The Internet's IPv4's Clock is Ticking Down

The Internet's IPv4's Clock is Ticking Down

Summary: And it's counting down faster than ever. Ready for IPv6 yet?

TOPICS: Networking, Browser

We all know that the Internet's supply of Ipv4 addresses is running ever lower. What you may not know is that IPv4 exhaustion, when we're completely out of available IPv4 addresses, is approaching even faster than the experts expected.

The American Registry for Internet Numbers (ARIN) announced at the end of the November that we're down to 2.73% of the Internet's available IPv4 addresses. In case you haven't been watching, that indicates that the long expected run on IPv4 Internet addresses has begun.

The Internet Assigned Numbers Authority (IANA) assigns IPv4 addresses to the regional Internet registry (RIR) in blocks that are equal to 1/256th of the entire IPv4 address space. Each block is referred to as a "/8" aka "slash-8" and includes just over 16 million IP addresses. The most recent assignment means that there are now only 7 of these blocks available.

The last two will be assigned according to demand, and after they're gone, each of the remaining five "/8" blocks goes to one of the five RIRs. This decline has happened even faster then expected. In mid-October, IANA and ARIN expected the supply of IPv4 addresses at the IANA/RIR level to last until early 2011.

Now, as Owen DeLong an IPv6 Evangelist for Hurricane Electric, told me "These [last] two [/8 blocks] will likely be issued to APNIC [The Asia-Pacific RIR] some time this month or very early in January. At that point, there will be no more global IPv4 free space and we will begin the countdown to RIR exhaustion."

Lucky us.

As Takashi Arano, CEO of the Japanese Internet company Intec NetCore (Japanese language site) notes on his IPv4 Address Report wrote, "The prospect of the forthcoming hiatus in the supply of IPv4 addresses also appears to have hastened some network deployment plans on the part of many service providers, and while the RIRs continue to adhere to the policies and practices of allocation of addresses in response to demonstrated need, there is a noted escalation of demand for addresses in recent times that is likely to persist in the coming months."

This means his automated estimate of when we're going to run out of freely available IPv4 addresses may have been too conservative. Arano added, "The continued escalation of demand levels is also adding some pressure to the demand model."

You can say that again. For most people, you still don't have anything to worry about. But, if you're a network administrator, this just underlines, once more, that it's time to get cracking on your IPv6 plans.

Besides, there are good reasons to switch to IPv6 besides simple necessity such as built-in Internet Protocol security (IPSec) and potentially faster wire speeds. These features may not matter for most home users, but for a business, they can matter a lot.

Topics: Networking, Browser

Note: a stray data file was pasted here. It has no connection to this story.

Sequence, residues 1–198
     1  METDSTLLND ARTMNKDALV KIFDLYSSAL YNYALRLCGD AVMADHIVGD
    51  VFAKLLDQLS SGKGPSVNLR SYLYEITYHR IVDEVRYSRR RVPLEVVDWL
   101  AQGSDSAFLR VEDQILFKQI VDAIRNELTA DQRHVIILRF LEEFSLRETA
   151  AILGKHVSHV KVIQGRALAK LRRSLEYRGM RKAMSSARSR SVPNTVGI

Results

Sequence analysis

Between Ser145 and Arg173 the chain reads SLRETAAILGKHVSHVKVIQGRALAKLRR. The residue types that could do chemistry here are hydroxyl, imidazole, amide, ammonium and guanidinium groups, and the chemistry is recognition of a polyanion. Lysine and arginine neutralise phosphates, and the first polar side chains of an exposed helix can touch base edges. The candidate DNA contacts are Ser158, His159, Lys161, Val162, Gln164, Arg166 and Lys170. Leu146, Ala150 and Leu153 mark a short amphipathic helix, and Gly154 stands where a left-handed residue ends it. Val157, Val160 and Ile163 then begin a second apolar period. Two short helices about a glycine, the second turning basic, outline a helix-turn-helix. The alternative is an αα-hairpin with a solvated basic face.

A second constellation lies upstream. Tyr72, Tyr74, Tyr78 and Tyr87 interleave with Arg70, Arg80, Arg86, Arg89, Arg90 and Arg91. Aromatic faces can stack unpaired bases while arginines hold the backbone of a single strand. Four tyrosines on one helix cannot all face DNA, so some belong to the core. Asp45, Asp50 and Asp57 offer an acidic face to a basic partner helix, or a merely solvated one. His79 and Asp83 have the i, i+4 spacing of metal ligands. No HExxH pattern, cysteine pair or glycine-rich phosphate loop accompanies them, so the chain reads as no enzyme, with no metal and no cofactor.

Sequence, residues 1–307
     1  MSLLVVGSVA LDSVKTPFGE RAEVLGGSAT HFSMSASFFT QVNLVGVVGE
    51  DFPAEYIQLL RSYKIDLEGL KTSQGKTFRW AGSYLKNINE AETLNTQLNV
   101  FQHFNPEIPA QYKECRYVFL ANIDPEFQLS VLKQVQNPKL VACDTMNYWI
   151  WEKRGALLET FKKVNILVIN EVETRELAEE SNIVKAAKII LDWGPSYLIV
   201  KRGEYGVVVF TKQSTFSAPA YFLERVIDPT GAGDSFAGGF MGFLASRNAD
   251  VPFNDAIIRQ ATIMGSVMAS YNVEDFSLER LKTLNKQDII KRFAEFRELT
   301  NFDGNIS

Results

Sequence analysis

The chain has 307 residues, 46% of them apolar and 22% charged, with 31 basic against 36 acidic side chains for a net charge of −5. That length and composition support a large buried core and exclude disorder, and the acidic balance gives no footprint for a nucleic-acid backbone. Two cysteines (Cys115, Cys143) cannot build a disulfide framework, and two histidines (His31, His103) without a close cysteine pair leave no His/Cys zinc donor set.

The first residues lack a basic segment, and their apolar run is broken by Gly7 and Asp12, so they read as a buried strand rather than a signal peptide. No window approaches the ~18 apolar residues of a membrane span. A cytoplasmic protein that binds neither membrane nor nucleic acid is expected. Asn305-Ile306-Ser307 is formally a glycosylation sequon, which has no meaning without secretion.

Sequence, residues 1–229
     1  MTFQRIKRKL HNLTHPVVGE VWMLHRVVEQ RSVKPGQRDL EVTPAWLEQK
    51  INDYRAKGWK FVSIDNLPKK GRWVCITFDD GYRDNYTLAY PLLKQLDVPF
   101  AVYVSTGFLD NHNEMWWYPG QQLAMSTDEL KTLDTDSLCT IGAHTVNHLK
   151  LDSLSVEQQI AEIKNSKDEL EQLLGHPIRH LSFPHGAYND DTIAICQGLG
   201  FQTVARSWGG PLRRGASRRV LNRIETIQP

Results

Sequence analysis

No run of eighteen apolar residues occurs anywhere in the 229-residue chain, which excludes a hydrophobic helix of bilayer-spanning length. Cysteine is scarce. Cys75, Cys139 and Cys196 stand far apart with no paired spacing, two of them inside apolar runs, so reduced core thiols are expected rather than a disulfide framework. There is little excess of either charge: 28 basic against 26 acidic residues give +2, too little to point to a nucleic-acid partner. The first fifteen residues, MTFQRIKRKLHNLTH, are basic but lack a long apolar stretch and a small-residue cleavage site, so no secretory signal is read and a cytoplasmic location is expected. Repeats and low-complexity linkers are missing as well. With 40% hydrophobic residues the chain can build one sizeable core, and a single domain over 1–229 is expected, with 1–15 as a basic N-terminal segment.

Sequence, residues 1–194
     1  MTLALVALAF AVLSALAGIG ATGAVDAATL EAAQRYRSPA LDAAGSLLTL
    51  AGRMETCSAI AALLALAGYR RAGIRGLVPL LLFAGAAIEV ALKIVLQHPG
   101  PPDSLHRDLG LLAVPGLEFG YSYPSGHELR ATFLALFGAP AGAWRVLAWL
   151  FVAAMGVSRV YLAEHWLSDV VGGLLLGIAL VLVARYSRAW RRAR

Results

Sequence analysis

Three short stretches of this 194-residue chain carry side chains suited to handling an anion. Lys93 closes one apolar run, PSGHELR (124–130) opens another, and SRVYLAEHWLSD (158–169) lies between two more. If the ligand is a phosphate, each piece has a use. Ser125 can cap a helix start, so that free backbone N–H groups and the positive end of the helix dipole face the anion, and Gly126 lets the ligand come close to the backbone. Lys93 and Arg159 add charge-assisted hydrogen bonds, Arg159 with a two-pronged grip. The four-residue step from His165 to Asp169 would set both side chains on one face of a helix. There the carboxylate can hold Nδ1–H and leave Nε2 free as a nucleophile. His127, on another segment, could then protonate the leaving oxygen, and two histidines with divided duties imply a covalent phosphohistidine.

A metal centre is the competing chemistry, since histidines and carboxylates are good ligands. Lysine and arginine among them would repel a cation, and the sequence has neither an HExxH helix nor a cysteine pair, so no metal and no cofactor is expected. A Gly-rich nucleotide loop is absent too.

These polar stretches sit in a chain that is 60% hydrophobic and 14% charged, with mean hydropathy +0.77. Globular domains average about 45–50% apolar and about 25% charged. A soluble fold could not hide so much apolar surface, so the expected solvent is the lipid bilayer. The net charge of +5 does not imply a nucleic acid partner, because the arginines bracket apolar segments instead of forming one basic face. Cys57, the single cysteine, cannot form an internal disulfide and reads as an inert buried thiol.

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  • RE: The Internet's IPv4's Clock is Ticking Down

    Yeah time to get up to steam on ipv6. Luckily it is vastly more easier then ipv4, but the low number of ISP's that actually support ipv6 is worrying.
  • An obvious question

    I am not familiar with the fine detail of the protocol internals so I am asking what may seem like a stupid question. <br>Why can't you take an existing IP4 address and use it as the basis for an IP6 address by pre-pending to it . The IP6 address space would designate an area and perhaps a specific ISP. The original would then ride inside the new. This assumes that the major network nodes are all running IP6 (I hope).
  • IPSec Myth

    It's worth reading this IPv6 mythbuster:

    Myth: IPv6 is automatically more secure than IPv4
    It would be more accurate to say that IPv6 is no less secure than IPv4. The main security mechanism built into IPv6 is IPsec. IPsec is not new - it can be used with IPv4 as well, and this has been possible since its earliest days. However, a conforming implementation of IPv6 must support IPsec, while there is no such requirement in IPv4. This has led to the misconception that IPv6 is automatically more secure than IPv4: instead, it still requires careful implementation and well-educated system and network staff.

    In some other ways IPv6 in fact does support better security: that IPsec can be guaranteed to be supported fosters its use and propagation. The header design in IPv6 is better, leading to a cleaner division between encryption metadata and the encrypted payload, which some analysts consider has improved the IPsec implementation. And the huge address space can, if desired, be used to defeat scanning attacks by simply allocating random addresses within subnets.

    However, the bottom line for IPv6, as for all protocols and systems, is that education, training and awareness are the best investments from a security perspective.